Once your pet reaches seven years old, they are considered a senior and at this stage of life, we advise twice annual check-ups to ensure your pet remains happy and healthy in their old age.

We recommend increasing the regularity of check-ups at this age because health conditions tend to occur more often and develop faster in older animals. Some of the most common health issues affecting older pets include:

  • Dental disease and sore teeth
  • Skin tumours
  • Heart disease
  • Arthritis
  • Abdominal problems and growths
  • Skin disease
  • Eye and ear problems
  • High blood pressure

Blood testing

A annual blood and urine test for pets over 7 years is recommended to screen for diseases which are common in older animals but don’t often produce symptoms until the disease is well advanced and already affecting your pet’s quality of life. This type of testing can be used to identify serious health conditions including diabetes, kidney disease, tumours and liver disease.

Arthritis

Arthritis is an extremely common and painful condition for older pets. Happily, it can be effectively managed with medication and a few lifestyle adjustments. When you bring your pet in for their six-monthly check-up, the vet will check their joints to make sure everything is in good working order. Some signs to look out for at home which may indicate your pet has arthritis include a slowed walking pace, lower activity levels or stiffness.

Blood pressure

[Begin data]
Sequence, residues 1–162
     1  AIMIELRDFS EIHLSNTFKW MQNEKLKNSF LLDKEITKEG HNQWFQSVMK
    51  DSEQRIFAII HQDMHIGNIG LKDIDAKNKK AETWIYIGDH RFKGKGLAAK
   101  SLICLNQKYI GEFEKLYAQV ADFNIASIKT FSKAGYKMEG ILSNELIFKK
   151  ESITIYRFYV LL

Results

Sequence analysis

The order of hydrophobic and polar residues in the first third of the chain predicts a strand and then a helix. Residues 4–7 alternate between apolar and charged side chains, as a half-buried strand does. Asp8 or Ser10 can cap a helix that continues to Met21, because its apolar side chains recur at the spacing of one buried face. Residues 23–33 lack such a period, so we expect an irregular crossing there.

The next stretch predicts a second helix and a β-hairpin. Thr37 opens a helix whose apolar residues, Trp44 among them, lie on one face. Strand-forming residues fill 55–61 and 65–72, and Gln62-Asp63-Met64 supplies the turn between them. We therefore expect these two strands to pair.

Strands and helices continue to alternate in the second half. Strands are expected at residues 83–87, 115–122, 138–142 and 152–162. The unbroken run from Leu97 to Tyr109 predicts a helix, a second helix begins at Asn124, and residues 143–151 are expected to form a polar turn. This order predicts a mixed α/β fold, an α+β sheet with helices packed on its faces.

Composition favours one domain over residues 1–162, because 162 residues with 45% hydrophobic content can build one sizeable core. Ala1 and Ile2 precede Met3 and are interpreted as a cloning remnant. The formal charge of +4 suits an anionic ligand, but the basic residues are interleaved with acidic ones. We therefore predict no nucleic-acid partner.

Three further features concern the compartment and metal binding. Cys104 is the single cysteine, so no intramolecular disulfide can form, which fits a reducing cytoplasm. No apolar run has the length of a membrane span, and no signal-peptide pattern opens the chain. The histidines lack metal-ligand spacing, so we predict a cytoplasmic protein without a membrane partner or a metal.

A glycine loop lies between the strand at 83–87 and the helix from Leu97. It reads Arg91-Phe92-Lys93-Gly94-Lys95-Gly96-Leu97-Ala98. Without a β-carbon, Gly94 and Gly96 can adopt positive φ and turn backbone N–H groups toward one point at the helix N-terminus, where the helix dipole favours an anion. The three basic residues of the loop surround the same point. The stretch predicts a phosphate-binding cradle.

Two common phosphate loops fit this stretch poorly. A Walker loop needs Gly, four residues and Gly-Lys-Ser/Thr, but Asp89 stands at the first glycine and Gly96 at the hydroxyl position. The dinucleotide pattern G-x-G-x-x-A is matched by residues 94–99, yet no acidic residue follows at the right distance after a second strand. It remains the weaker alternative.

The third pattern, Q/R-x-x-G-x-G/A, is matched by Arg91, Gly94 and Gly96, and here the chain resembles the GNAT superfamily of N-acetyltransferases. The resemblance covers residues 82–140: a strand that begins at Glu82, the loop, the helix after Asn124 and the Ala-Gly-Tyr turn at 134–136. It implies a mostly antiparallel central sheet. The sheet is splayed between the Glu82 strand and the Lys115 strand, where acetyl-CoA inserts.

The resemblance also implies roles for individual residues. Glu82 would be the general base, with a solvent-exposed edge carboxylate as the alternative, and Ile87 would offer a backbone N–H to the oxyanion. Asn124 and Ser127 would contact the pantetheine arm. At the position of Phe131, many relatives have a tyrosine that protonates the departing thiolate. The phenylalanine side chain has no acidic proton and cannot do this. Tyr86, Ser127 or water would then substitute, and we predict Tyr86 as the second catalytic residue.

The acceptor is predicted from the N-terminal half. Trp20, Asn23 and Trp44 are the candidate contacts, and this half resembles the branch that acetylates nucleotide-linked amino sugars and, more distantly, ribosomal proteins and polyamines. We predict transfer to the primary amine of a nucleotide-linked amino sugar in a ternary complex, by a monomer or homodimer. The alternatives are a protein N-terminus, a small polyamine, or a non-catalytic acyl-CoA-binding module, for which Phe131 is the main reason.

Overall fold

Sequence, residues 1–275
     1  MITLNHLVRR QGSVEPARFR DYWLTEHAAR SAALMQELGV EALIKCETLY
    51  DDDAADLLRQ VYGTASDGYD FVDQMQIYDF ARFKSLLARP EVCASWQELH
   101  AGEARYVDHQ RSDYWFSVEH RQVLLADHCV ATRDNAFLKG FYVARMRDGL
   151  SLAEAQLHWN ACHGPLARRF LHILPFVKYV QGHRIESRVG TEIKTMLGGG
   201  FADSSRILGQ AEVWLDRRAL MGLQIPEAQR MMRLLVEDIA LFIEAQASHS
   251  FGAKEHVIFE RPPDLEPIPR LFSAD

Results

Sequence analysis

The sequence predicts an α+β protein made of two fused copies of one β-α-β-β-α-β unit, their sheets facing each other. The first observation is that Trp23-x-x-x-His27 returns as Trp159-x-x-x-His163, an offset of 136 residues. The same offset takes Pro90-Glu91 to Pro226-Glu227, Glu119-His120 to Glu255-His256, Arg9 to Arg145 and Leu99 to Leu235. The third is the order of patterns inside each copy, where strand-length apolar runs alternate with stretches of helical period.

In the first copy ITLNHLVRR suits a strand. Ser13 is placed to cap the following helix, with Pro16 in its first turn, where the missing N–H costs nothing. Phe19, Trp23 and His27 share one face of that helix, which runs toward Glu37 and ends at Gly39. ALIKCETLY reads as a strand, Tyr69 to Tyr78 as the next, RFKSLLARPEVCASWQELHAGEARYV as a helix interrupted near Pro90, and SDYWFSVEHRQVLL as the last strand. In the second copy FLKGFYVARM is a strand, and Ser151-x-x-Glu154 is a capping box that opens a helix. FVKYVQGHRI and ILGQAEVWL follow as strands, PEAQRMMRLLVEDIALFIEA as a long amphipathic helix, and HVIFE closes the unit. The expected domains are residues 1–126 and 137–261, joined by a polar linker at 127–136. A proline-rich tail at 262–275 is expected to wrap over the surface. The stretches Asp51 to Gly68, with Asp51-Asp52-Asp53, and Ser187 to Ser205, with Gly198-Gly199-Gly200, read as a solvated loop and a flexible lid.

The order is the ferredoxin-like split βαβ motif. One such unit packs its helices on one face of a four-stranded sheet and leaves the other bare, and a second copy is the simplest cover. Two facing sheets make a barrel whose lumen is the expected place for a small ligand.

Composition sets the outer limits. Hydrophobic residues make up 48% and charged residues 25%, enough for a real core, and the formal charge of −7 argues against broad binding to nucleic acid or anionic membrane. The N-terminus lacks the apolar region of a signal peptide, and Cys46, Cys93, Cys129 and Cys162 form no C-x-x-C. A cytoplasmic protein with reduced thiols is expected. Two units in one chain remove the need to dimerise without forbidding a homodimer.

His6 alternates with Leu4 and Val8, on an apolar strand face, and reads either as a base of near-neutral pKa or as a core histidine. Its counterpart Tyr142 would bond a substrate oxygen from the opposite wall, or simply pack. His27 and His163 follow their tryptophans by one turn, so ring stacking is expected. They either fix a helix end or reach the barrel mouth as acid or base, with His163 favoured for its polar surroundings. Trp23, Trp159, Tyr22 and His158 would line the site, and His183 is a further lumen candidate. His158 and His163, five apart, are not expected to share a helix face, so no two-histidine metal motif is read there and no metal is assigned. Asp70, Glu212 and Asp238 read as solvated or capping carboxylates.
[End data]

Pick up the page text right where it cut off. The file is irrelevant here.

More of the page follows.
In older cats, high blood pressure is very common and is linked with several serious health conditions including kidney disease, thyroid issues and blindness. When your senior cat comes in for their check-up, the vet will perform a simple blood pressure test to ensure levels are normal. Regular testing is a non-invasive way to quickly screen for ‘silent killer’ diseases and diagnose them before they impact your pet’s quality of life.

Pet Care

  • In December, our Cranbourne vet sees a lot of patients with tummy upsets which can often be traced back to too many rich festive foods. Ideally, pets should not ever be fed processed foods as their stomachs have not evolved to digest them and so eating them often leads to diarrhoea and/or vomiting.   However, there …
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  • During summer, most of our pet patients visit our Cranbourne veterinary clinic because they have been overexposed to the harsh sun. In this blog, we are explaining the different health consequences that this exposure can have on your pet. We’ve also put together a quick 5-step grooming guide for owners to care for their pets …
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  • Summer for us humans usually means going to the beach, eating ice cream, or turning on our air cons and relaxing at home. Summer for pets is a little different. While they may get to spend more time outdoors, they can’t decide to eat something cold or turn on a fan. This means that during …
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